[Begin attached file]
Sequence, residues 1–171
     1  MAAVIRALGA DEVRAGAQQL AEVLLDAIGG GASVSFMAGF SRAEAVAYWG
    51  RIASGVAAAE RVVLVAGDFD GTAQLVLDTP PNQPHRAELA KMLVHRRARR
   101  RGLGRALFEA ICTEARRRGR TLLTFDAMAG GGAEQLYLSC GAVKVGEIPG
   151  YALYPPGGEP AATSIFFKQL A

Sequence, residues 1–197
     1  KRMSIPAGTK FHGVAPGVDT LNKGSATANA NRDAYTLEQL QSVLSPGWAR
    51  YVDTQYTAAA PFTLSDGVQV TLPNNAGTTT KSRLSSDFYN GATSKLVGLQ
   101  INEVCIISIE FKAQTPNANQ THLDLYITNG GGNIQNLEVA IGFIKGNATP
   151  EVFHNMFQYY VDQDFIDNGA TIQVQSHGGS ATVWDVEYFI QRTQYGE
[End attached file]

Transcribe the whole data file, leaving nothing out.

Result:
Sequence, residues 1–171
     1  MAAVIRALGA DEVRAGAQQL AEVLLDAIGG GASVSFMAGF SRAEAVAYWG
    51  RIASGVAAAE RVVLVAGDFD GTAQLVLDTP PNQPHRAELA KMLVHRRARR
   101  RGLGRALFEA ICTEARRRGR TLLTFDAMAG GGAEQLYLSC GAVKVGEIPG
   151  YALYPPGGEP AATSIFFKQL A

Sequence, residues 1–197
     1  KRMSIPAGTK FHGVAPGVDT LNKGSATANA NRDAYTLEQL QSVLSPGWAR
    51  YVDTQYTAAA PFTLSDGVQV TLPNNAGTTT KSRLSSDFYN GATSKLVGLQ
   101  INEVCIISIE FKAQTPNANQ THLDLYITNG GGNIQNLEVA IGFIKGNATP
   151  EVFHNMFQYY VDQDFIDNGA TIQVQSHGGS ATVWDVEYFI QRTQYGE